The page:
There are numerous ways to generate and promulgate a vision. The most powerful way seems to be to have leaders (whether first-line supervisors, senior vice presidents, or CEOs) sit down with their team, talk about the corporate vision, and ask what it means to the team and to the individuals on the team. Critical questions need to be asked, wrestled with, and discussed. Questions such as: Why is this vision important to our jobs? What does this vision do for us? What does it mean for our customers? What does the vision say to you? How does it change the ways we work and go about doing our jobs? What difference does it make? What difference should it make? How do we feel about this vision? How do we live day by day? How will we measure our success in doing our part to make the vision a reality?
At Staub Leadership we believe that in order for you, as an individual member of a company, to answer those questions, we must turn to a much more intensely personal level: What is it you wish to become? What is your own personal vision and sense of mission? What are you aiming for in your life? These questions become critical when you take into account Max DePree’s viewpoint at Herman Miller: “Our organizations cannot become anything more than we desire them to be.” Here is where Stephen R. Covey formulates the personal part of self-empowerment in urging you to define your vision and mission in The Seven Habits of Highly Effective People. He suggests that you clarify the key roles you play in life: parent, mentor, supervisor, spouse, and so on, and develop a sense of the mission around each of them. I suggest that this is important, and yet it is also critical that you develop an overall, integrated vision for your life. Unless we know what we truly aspire to be and what our individual sense of purpose is, we are rudderless in the rapidly shifting currents of the modern world.
Covey talks about the need for an orientation mechanism, such as an inner compass, as opposed to a map. The terrain is changing so fast that the maps are out of date before the ink is dry. A sense of what your life is about, your own sense of mission, and some guiding principles that provide a means for orienting and directing your life, are vital to creating the life experience you desire.
This is the beginning of personal power and also real power for a leader. If I, as an individual leader, consciously know and articulate my vision for working with others, a vision of the kind of person and leader I am striving to be, then I am way ahead of most managers, supervisors, and leaders.
The kind of vision I am talking about communicates itself across the four fundamental drives of leadership effectiveness. It conveys to others your commitment and passion. It focuses and directs your competencies while pointing to the competencies you need to develop. This vision carries within it the roots of an uncompromising integrity, and finally, it allows for an intimacy with others and yourself that allows you to be accessible to learning and to the processes of change. Vision orchestrates and illuminates the four great chambers while forming the living heart of leadership, which drives long-term results and builds sustaining relationships.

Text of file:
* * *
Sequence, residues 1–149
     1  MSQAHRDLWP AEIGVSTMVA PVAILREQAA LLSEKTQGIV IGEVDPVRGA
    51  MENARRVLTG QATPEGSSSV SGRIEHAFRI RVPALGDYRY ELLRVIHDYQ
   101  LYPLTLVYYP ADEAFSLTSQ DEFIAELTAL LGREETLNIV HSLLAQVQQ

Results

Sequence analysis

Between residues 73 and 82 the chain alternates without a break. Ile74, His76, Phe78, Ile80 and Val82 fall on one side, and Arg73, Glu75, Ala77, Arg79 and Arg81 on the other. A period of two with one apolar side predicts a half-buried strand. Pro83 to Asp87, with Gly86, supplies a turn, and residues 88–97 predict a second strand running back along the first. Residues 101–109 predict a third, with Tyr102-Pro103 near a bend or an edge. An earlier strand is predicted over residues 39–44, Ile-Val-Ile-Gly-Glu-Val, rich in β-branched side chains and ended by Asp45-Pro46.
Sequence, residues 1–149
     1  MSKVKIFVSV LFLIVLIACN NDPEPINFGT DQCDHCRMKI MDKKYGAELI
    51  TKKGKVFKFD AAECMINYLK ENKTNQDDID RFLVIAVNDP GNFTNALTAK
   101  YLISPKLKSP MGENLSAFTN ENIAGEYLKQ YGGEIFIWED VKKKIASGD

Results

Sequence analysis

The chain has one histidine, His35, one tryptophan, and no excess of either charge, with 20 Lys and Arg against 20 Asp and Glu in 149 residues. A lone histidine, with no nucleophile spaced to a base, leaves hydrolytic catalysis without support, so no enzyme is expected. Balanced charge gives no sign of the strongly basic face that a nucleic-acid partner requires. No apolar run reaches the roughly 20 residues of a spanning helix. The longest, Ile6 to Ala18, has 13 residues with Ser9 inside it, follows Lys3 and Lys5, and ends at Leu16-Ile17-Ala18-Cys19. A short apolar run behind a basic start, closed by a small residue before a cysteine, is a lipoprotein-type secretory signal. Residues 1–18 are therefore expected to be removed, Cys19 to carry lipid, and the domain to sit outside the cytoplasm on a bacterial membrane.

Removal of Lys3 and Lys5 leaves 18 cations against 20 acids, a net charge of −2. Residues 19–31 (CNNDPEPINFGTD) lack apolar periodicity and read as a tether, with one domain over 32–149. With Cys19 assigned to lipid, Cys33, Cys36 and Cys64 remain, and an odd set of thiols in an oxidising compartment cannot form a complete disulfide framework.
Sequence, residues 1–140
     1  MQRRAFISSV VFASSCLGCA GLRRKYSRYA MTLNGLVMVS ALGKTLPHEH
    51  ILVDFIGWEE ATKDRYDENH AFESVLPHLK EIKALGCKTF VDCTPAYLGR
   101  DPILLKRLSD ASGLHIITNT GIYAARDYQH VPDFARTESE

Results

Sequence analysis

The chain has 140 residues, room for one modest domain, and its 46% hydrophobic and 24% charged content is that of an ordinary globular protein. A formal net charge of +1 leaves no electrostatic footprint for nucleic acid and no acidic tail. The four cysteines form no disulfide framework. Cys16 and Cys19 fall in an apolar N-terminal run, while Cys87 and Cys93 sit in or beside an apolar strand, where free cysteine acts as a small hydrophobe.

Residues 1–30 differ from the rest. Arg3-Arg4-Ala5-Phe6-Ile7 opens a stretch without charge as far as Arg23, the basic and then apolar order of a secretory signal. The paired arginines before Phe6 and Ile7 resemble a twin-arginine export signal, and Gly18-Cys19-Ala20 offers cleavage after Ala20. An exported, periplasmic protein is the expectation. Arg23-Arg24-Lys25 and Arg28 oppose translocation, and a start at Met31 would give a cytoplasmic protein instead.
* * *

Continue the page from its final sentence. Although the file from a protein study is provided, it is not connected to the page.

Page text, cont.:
To create real personal power, it is critical that you develop your own personal vision and a sense of your deepest longings for meaning. To get you on your way try this exercise, which is one of the ones we use in Staub Leadership’s High-Impact Leadership Seminar (HILS).
Imagine you are on your deathbed. You have twenty minutes left to live and you are reviewing your life. What does your life look like? What are you proud of? What are you disappointed in? How have you lived your life? What was the meaning of this life? What was your purpose in living the way you lived and doing the things you did? If you could go back and change any part of it, what would you change? Why? Look really hard at the values your life demonstrated. If you had to come up with an epitaph for this life, what would it be?
Now: How would you like to be living? What meaning would you like your life to have? If you could have a new lease on life and begin again, what would you choose as your guiding star? What are you really here to accomplish and to do? What vision do you have of the life you’d like to create? What is your sense of mission?
Pause for a moment and write down a brief statement of vision and mission for your life. Put down something, even if it feels incomplete. Try to capture some of the longing and deep feeling in your heart. Stop reading and just write for the next 15 minutes. Take time during the next few weeks to revisit these questions and wrestle with them. They are worth answering and critical to your development as a real leader. Revisit this exercise and think about its implications for the way you are living and working.
Writing down your vision and the attendant goals is very powerful. A 50-year longitudinal study at Harvard has looked at the people there who have been the most successful in enjoying their lives and in creating great achievements. What it found was that class rank, grade point average, and activity levels in college were not highly correlated with great success. The single most influential factor found which distinguished the most successful students from the rest, was that they had a habit of writing down their goals, aspirations, and desires and revisiting them frequently.
Knowing your heart is the first step on the pathway to discovering your personal power.
This post has been excerpted from my book The Heart of Leadership – 12 Practices of Courageous Leaders. It is available on Amazon.